Batman does not deploy again. He rolls back like a boss.

How to roll back an Azure IoT Edge layered deployment?

This post was most recently updated on November 24th, 2022.

3 min read.

Have you ever wondered how you could roll back the latest layered Azure IoT Edge deployment? I have – it’s actually pretty useful. But what for?

Well, perhaps it’s useful as the last step or whatever interesting Azure DevOps pipelines you have to deploy changes to an Edge device, run tests, and then remove the deployment. You could possibly have it as an optional parameter in case you want to do a dry run for the deployment – see if everything works well but not actually leave your stuff on the device. Or, perchance, it could be used as a separate pipeline that you can run when you notice that your malformed, and completely broken, manifest was deployed to an environment that then proceeded to not function quite as expected. And to be fair, the same Azure CLI commands that I’ve added into the AzureCLI task in my YAML below can simply be run in your terminal of choice to remove the deployment without involving Azure DevOps at all!

So many options! So much YAML!


Let’s get to it, then!

We built a simple template for rolling back the latest deployment for any single module. We especially wanted to figure out the latest deployment by creation time from all deployments deployed to a target environment (a JMESPATH query) and remove it from the IoT Hub.

So, long story short here’s the code, and a bit below you can find the solution as to what it is and how it works!

YAML for a rollback step template:

- name: sub
  type: string
  displayName: Name of the subscription to use
- name: connection
  type: string
  displayName: Azure Subscription Service Connection to use
- name: iothub
  type: string
  displayName: Name of the IoT Hub to use for the deployment
- name: imageName
  type: string
  displayName: Image Name of the container that the module-to-be-deployed uses - this string is used to query for old deployments (to tell deployments for different modules apart from one another)
- name: target
  type: string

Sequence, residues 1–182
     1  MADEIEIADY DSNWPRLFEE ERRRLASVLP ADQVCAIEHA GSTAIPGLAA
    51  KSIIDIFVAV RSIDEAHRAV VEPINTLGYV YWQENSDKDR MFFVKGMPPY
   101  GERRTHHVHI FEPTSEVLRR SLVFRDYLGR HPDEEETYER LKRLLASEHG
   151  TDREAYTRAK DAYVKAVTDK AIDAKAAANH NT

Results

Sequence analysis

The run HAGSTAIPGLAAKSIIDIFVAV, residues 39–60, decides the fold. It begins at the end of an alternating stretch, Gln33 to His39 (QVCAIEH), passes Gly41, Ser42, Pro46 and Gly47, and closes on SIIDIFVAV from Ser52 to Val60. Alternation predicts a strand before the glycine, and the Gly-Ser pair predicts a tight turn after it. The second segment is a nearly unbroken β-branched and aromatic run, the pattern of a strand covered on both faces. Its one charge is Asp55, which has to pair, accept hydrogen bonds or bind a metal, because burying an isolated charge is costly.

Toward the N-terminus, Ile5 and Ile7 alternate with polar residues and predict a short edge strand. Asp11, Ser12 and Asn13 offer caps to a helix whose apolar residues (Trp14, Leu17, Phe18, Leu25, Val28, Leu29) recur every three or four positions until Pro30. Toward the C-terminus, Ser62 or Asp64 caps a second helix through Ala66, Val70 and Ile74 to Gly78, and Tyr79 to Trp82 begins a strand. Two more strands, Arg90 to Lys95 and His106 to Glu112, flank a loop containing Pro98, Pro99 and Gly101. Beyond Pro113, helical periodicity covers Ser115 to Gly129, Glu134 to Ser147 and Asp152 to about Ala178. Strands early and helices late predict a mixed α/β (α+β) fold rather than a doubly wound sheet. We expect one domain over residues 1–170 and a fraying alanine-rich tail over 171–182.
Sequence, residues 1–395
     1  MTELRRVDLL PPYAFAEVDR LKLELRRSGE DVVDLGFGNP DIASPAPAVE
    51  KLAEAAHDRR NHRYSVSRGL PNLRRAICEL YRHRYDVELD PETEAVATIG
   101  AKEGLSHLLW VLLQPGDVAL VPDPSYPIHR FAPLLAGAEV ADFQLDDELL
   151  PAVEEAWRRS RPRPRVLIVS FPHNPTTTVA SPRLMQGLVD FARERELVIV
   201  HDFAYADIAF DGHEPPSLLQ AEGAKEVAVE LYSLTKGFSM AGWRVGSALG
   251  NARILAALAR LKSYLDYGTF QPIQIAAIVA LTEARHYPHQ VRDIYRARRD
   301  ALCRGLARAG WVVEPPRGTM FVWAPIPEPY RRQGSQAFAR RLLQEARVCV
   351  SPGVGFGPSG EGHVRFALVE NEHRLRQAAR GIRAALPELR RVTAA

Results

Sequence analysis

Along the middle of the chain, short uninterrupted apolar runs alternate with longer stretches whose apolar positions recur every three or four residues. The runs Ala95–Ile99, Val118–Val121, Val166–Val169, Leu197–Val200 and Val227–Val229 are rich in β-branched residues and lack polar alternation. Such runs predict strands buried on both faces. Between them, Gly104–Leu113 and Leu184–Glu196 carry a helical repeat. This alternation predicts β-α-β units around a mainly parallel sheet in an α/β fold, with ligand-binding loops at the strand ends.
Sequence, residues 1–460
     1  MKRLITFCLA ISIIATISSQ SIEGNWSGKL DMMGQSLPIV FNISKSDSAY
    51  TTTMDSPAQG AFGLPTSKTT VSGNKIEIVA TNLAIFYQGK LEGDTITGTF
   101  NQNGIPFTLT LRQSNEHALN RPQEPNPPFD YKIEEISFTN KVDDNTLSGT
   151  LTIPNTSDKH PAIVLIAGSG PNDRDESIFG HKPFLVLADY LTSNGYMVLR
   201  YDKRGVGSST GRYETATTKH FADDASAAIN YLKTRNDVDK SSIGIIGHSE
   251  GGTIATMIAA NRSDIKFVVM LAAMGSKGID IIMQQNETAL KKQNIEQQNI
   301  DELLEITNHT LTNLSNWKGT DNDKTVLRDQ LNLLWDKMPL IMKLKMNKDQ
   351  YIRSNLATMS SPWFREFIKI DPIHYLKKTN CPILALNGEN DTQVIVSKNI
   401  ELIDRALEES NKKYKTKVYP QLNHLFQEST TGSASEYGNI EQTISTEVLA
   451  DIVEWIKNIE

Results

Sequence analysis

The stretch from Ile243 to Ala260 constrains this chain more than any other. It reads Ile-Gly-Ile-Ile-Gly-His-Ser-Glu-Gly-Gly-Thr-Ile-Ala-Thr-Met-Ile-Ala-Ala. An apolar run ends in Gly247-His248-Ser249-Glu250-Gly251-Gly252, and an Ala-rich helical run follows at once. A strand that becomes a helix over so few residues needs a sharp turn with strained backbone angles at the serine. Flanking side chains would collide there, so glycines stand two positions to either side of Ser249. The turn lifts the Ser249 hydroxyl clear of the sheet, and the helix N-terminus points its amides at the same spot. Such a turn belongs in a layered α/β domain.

displayName: Target Condition for your deployment


- task: AzureCLI@2
  displayName: ${{ parameters.targetLocation }} (${{ parameters.targetEnvironment }}) - Roll back the latest Edge deployment using az CLI
    azureSubscription: ${{ parameters.connection }}
    scriptType: 'pscore'
    scriptLocation: 'inlineScript'
    inlineScript: |
      az config set extension.use_dynamic_install=yes_without_prompt
      az account set --subscription "${{ parameters.sub }}"
      $latestDeploymentId = az iot edge deployment list -n ${{ parameters.iothub }} --query "reverse(sort_by([? targetCondition!=null && your-JMESPATH-Query-using-${{ }})], &createdTimeUtc))|[*]|[0]|[id][0]"
      az iot edge deployment delete -n ${{ parameters.iothub }} -d $latestDeploymentId
    addSpnToEnvironment: true
    useGlobalConfig: true

And then you can use this template from your pipeline shown below:

- ${{ if eq(parameters.rollback, true) }}:
    - stage: Rollback
      displayName: Roll back 


      - job: RollbackDeployment
        displayName: Roll back 

          vmImage: $(Your.Pool)


        - template: ci/Tasks/Rollback.yml
            sub: $(Your.SubscriptionName)
            connection: $(Your.ServiceConnectionId)
            iothub: $(Your.IoTHubName)
            imageName: $(Your.ImageName)
            target: $(Your.TargetCondition)

But what kind of configuration do we need to make use of this template? Let’s see…

Time needed: 20 minutes

How to roll back an Azure IoT Edge deployment in Azure DevOps Pipelines?

  1. Create your pipeline

    Creating the pipeline is your first step. It doesn’t really matter how and where you do that, but this guide presumes you’ll create the YAML file for the pipeline to the root of the project.

  2. (OPTIONAL) Define a pipeline parameter for your rollback

    You will now need a pipeline parameter for rollback – because we’ll want it to be optional (not every build needs to be a rollback after all!)

    Add this at the top of your pipeline YAML:
    - name: rollback
    displayName: Roll back?
    type: boolean
    default: false

    If you want to roll back after each deployment (after running tests, for example), simply ignore this step.

  3. Add your rollback template file

    We’ll be adding a new file for the rollback template (see the YAML above).

    In my example, we have the pipeline YAML files in the root of the repository and all YAML templates in a folder structure like ci/{templatetype}/{templatename}.yml

    So let’s add a new file to path ci/Tasks/Rollback.yml, and paste the content from the YAML above to it.

  4. Add your rollback step

    When you have the files (1 for your pipeline, one for your rollback template), you can add the step to your pipeline. If you want to have the step as optional (something you can select for each run of your pipeline), you can wrap it in:
    - ${{ if eq(parameters.rollback, true) }}:

    Otherwise, it’ll just be something like this:
    - template: ci/Tasks/Rollback.yml
    sub: $(Your.SubscriptionName)
    connection: $(Your.ServiceConnectionId)
    iothub: $(Your.IoTHubName)
    imageName: $(Your.ImageName)
    target: $(Your.TargetCondition)

Et voilà ! Hopefully, it’s clear and helpful enough. Let me know in any case!


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